Friday, October 21, 2011

Main Street, Mount Morris, NY

Day 1, Mt. Morris Consultation

Mount Morris, NY, hit the news when Greg O'Connell began to invest there. O'Connell was a major developer of Red Hook, and had learned that it was a good idea to assemble as large a piece of land as possible, he told a group of planners from Pratt today. So he quietly worked to buy as many buildings on Main Street as he could. He hoped that he could help rejuvenate the area the way he helped in Red Hook: doing things that benefited everybody in the community. He showed pictures of the before and after which demonstrated the thorough and thoughtful work of bringing historic buildings back to life and the even more complex work of finding the entrepreneurs whose ideas and savvy could fill the buildings with useful restaurants, stores and services.

O'Connell has worked with Professor Ron Shiffman of Pratt Institute over the years. Shiffman put together a planning studio that will offer advice for the future of Main Street. Knowing my interest in Main Streets, Shiffman invited me along.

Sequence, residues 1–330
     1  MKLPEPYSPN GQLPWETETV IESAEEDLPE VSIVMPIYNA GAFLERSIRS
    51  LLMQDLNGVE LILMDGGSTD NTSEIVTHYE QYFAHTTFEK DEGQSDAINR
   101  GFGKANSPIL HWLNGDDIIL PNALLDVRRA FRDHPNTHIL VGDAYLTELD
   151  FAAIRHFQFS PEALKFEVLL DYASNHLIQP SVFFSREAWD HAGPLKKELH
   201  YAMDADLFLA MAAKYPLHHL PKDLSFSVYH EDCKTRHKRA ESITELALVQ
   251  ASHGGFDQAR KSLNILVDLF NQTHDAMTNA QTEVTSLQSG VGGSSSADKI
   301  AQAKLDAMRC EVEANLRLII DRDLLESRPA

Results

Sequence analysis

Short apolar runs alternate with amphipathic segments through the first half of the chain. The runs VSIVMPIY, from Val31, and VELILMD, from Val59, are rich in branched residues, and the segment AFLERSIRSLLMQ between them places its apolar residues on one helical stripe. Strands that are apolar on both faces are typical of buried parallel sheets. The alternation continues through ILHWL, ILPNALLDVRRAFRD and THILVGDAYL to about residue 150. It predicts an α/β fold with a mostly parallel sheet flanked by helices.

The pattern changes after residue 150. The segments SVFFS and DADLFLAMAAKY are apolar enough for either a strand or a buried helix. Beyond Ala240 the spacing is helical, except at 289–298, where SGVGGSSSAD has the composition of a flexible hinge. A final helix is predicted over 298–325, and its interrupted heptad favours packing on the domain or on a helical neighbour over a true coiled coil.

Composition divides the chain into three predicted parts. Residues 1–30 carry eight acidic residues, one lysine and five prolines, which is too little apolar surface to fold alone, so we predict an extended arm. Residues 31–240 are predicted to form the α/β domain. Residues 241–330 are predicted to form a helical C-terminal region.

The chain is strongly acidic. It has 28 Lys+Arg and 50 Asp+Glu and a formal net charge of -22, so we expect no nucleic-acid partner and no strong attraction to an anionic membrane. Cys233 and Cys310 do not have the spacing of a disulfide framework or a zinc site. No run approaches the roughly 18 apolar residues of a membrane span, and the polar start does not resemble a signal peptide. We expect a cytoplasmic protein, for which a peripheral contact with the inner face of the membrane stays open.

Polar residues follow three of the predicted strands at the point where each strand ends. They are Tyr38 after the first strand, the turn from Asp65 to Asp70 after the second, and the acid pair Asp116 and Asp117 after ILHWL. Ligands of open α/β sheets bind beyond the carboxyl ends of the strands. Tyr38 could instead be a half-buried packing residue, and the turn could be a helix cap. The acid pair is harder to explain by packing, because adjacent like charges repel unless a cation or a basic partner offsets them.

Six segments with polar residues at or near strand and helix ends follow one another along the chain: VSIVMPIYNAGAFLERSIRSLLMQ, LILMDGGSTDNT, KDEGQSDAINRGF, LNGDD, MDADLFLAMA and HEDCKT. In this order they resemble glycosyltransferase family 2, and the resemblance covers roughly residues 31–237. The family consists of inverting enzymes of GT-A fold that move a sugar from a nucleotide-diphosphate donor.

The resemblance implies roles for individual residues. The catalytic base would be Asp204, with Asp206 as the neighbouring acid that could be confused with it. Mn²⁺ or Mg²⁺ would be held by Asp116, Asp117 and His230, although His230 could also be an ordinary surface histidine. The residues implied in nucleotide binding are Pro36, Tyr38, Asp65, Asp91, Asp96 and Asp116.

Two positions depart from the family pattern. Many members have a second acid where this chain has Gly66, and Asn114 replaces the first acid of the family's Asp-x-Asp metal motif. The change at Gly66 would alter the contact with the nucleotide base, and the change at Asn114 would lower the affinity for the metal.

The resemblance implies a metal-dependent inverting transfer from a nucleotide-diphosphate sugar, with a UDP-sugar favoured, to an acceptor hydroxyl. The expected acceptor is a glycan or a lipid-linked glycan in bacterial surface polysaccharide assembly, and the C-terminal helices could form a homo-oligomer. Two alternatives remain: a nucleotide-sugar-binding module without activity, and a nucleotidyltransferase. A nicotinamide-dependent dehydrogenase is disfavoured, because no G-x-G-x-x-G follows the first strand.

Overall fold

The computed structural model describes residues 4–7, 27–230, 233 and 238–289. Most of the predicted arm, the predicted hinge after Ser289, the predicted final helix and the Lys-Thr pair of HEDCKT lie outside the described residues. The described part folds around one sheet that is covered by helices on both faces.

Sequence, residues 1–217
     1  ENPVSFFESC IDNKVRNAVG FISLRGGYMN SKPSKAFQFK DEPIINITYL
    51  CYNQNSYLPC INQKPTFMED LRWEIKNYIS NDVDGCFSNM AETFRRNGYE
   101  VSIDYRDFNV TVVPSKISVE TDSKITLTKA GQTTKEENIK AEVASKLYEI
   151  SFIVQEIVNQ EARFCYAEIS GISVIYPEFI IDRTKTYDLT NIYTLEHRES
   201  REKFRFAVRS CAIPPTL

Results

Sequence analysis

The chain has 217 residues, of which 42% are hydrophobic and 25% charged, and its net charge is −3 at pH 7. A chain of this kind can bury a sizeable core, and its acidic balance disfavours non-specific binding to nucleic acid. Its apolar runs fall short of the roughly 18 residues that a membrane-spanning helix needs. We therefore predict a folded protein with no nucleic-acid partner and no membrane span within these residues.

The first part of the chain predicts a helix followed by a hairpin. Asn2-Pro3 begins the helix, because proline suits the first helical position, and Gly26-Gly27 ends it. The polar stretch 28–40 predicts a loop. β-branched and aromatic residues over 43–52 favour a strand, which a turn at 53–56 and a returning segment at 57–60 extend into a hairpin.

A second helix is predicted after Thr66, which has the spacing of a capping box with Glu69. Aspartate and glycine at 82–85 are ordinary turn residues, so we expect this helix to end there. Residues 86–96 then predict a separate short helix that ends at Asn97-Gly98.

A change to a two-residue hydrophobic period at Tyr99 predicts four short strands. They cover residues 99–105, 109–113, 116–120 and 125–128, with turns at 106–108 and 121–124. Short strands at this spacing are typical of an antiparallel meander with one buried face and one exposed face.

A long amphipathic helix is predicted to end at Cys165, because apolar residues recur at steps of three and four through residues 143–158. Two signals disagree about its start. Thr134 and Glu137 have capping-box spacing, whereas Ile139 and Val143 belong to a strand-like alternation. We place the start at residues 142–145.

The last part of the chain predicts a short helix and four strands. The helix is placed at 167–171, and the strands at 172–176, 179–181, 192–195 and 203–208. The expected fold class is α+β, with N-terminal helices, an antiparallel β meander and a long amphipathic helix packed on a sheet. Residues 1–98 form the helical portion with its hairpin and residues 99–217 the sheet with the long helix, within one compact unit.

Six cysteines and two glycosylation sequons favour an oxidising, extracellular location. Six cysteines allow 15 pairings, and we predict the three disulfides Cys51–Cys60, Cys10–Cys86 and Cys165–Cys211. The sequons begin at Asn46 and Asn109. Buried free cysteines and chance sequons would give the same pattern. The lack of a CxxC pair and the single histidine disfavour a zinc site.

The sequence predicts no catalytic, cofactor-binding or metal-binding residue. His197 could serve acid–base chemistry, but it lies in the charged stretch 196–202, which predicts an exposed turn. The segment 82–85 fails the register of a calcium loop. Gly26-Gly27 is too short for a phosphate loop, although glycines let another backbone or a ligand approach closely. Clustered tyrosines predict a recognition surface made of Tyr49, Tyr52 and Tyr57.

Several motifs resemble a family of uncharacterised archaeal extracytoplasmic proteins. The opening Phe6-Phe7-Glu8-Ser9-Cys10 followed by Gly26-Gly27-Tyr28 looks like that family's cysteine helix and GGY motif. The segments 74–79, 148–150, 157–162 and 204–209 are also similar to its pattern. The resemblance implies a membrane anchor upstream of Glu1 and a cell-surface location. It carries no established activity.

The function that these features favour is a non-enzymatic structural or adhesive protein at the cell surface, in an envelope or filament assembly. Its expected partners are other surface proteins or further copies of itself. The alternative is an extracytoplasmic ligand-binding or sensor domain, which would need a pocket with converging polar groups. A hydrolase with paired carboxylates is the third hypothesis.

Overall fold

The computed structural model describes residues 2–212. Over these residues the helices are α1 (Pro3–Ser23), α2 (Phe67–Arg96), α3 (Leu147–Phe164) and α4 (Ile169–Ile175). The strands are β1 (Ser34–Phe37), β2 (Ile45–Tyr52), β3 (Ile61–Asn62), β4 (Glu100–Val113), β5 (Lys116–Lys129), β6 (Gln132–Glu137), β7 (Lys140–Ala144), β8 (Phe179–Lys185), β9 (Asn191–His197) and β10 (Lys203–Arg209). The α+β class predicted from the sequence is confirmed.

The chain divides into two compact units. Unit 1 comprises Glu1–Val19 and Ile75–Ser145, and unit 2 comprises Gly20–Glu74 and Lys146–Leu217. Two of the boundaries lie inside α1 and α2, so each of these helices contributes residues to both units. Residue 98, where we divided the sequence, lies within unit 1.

As if to prove the point that O'Connell really wanted to listen -- and wanted us to listen as well -- he invited local leaders to meet with us in Theater 101 on Main Street. More than 40 local leaders showed up for an afternoon of conversation about the future of Main Street. I was touched by the number of people who said, "I'd written Mount Morris off. I didn't believe it could come back." They sounded like they were still surprised that it had. As the afternoon conversation went on, I began to glimpse how each of those people had contributed to the revitalization of the area. O'Connell broke a logjam, and allowed good ideas to flow.

The area seems to be a site of good ideas: the local paper noted that the Rochester area was leading upstate New York in economic recovery, having added more than 10,000 jobs to the economy across all sectors, including manufacturing. Creative ideas, willingness to innovate, a tradition of solidarity, and openness of government all seem to be part of the mix, from what I heard today.

"They're willing to do little things, to recognize that 50 businesses each employing 2 people is the same as one business that employs 100," Shiffman commented.

What more is needed? One complaint that came up in the afternoon's conversation was about traffic. I tried to cross Main Street myself and was terrified. "But the traffic is an asset," one participant said. French unbanist Michel Cantal-Dupart has commented that towns that live by the highway have to play a careful balancing game: they want to slow traffic so people will get interested in their town and stop, but they can't slow it too much or drivers will get mad at them.

To be continued...

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